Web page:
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Enter the Water

A brilliantly idiosyncratic call to courage

Early on in Enter the Water by Jack Wiltshire, we’re casually told that there’s no hero story to be found here, but by the end of this exhilarating verse novel, you may well disagree. It tells the story of a vulnerable Cambridge student, evicted from his flat and sleeping on a park bench. Setting out on an odyssey to the coast, accompanied by pigeons, a blackbird and the forces of Nature itself, his story is a clarion call for appreciating the natural world and cultivating stoicism in our infinitely troubled times.

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Berg by Ann Quin

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Berg

Darkly funny Oedipal tale

The opening scene of the brilliant Berg by Ann Quin takes us to a post-war seaside boarding house, where Alistair Berg, hair-restorer salesman and furtive masturbator, lies uneasy in his bed. In the flimsily-partitioned room next door, Berg’s father resides with his flirtatious mistress, unaware of his son’s presence. A ‘scoundrel of the first order,’ the old man deserted Berg in babyhood, and now his vengeful son has come to kill him. In Quin’s 1964 absurdist cult classic, we follow Berg as his tendency towards vacillation causes his master plan to unravel, in the face of a string of farcical events and unhinged decisions.

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The Beautyful Ones Are Not Yet Born by Ayi Kwei Armah

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The Beautyful Ones Are Not Yet Born

Blistering Ghanaian novel of post-colonial disillusionment

Steel yourself for The Beautyful Ones Are Not Yet Born by Ayi Kwei Armah, one of the bleakest novels I’ve read in a long time, but also one of the most memorable. First published in 1968, this African modern classic explores the rise of  disillusionment and corruption in post-independence Ghana, through the weary eyes of an anonymous railway clerk. His noble refusal to become a sell-out invites dismay and derision from his materialistic nearest and dearest, in this acerbic tale of ennui and moral decay.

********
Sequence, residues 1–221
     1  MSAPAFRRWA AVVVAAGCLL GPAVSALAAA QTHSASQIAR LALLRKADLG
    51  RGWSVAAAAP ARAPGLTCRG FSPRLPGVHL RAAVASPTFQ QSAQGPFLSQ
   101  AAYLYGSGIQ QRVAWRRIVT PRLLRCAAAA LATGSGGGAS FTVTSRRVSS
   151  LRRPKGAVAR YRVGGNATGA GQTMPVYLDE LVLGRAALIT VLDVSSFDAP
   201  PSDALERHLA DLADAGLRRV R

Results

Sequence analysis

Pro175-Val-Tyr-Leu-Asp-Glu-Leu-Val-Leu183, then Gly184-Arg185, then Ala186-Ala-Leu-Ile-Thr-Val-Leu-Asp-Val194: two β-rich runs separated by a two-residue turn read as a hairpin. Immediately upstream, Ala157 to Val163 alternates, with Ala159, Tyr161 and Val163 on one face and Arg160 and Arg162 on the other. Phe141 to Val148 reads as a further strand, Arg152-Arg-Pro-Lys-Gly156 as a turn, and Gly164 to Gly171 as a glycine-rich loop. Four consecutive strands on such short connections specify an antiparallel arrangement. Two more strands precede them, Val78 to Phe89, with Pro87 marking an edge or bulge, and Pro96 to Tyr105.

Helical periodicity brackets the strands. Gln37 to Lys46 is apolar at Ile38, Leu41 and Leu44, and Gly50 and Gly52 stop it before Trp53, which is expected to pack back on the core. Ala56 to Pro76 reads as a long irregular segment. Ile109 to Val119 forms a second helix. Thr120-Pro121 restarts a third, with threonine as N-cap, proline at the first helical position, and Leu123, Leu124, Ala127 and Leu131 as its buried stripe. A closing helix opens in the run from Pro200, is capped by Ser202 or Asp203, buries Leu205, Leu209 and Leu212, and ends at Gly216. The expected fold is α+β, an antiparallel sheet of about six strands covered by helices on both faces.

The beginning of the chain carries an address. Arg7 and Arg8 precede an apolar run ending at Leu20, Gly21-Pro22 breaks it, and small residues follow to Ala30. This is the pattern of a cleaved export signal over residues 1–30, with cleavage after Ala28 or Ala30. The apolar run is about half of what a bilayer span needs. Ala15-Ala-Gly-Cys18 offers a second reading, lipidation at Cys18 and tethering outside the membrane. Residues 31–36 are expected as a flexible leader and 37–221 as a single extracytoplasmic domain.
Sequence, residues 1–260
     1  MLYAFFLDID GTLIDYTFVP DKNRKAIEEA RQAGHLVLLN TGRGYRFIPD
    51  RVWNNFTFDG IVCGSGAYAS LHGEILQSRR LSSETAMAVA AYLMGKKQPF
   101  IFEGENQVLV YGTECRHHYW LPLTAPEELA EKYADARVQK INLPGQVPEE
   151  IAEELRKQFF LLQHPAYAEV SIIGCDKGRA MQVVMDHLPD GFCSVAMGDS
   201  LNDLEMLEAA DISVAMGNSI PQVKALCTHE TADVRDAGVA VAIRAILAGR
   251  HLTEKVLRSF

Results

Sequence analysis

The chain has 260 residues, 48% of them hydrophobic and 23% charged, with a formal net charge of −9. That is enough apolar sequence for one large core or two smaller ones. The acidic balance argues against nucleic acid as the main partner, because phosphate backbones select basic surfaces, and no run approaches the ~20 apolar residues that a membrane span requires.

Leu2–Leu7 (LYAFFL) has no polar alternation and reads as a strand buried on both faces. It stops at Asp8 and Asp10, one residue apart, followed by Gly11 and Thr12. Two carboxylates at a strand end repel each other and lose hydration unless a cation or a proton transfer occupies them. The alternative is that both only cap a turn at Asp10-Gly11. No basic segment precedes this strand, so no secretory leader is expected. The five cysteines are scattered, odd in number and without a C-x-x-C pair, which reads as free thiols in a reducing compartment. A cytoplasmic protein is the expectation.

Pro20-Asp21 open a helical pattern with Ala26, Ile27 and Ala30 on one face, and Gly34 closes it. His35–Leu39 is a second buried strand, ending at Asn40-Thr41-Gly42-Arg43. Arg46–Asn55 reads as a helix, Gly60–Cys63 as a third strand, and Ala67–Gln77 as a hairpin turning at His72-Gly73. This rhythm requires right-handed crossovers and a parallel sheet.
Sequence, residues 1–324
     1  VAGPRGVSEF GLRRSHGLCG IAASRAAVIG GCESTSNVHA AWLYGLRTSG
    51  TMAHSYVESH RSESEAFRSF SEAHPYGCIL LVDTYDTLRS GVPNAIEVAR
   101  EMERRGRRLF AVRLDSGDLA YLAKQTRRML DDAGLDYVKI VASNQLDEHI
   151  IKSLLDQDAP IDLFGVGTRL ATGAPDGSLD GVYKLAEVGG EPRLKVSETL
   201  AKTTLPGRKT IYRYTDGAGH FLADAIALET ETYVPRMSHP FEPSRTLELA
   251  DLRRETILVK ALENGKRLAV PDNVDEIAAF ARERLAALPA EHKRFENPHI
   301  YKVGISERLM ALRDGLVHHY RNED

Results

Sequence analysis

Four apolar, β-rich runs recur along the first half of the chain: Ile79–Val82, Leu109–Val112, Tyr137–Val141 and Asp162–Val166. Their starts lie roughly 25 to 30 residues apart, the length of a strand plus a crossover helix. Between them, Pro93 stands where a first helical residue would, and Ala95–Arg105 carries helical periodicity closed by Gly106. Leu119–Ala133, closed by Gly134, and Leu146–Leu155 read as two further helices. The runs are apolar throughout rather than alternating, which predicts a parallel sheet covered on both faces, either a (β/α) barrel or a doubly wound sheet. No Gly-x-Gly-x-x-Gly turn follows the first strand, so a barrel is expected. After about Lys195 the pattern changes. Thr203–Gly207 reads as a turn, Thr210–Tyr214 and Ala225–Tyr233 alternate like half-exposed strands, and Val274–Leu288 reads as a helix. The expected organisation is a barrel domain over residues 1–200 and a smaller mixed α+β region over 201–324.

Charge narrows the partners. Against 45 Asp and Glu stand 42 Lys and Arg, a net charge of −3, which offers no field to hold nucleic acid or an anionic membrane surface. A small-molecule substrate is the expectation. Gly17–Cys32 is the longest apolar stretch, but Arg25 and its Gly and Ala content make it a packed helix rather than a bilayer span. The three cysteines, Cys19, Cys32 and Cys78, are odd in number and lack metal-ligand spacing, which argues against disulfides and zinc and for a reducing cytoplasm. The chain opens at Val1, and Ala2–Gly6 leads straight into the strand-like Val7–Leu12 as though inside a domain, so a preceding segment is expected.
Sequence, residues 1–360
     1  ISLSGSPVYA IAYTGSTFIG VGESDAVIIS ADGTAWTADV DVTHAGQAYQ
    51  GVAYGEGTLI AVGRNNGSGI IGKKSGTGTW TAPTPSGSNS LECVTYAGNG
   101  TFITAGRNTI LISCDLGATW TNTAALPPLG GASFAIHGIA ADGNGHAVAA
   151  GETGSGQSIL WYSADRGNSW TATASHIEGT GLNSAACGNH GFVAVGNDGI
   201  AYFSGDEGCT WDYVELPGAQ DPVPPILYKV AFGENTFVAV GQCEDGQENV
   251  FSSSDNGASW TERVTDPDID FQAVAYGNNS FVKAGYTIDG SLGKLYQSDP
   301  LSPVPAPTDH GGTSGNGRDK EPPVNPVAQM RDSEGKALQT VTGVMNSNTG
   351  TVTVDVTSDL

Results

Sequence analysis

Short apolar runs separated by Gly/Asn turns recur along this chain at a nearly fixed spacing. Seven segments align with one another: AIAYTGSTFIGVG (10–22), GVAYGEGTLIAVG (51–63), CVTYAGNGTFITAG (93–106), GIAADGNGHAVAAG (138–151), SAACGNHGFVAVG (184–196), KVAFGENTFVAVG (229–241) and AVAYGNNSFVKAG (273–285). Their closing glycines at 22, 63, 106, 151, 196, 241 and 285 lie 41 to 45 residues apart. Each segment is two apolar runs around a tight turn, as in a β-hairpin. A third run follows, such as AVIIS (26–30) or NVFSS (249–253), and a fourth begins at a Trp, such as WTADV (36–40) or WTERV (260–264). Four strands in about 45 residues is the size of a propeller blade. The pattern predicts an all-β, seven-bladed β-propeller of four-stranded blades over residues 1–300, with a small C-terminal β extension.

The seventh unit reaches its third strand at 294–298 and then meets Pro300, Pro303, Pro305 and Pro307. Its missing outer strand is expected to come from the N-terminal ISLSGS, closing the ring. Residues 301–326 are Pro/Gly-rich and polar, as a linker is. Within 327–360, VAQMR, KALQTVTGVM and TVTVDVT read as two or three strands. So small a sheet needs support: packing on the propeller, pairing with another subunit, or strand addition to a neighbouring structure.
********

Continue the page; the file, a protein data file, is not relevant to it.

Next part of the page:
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Study for Obedience by Sarah Bernstein

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Study for Obedience

Elegant and distinctive outsider novel

An oblique novel of sacrifice and survival, Study for Obedience by Sarah Bernstein tells the story of a young woman who uproots her life and moves to a remote part of Northern Europe, in order to become her brother’s housekeeper and companion. Her martyrish aims to be good, quiet, and to serve others, are taking a toll on her embattled ego, and there’s something else. Something uncanny about her which invites suspicion and hostility from the local residents. Our unnamed protagonist fears that there is something in her blood that makes people recoil, a frisson of foreboding setting the scene for a disturbing tale.

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Cursed Bread by Sophie Mackintosh

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Cursed Bread

A beguiling and erotically charged mystery

Cursed Bread by Sophie Mackintosh is a wonderfully enigmatic and mesmerising read, by an author whose presence sings from the Granta Best Young British Novelists 2023 list. An acknowledged purveyor of disquieting fiction, here Mackintosh introduces us to Elodie, a frustrated baker’s wife in post-war provincial France. Spending her days mired in gossip and domesticity, the bored young woman is ripe for seduction. It comes in the form of a dashing young ambassador and his wife, the beautiful and damaged Violet, their arrival heralding a sultry, sexy summer, and a rash of darkly peculiar goings on.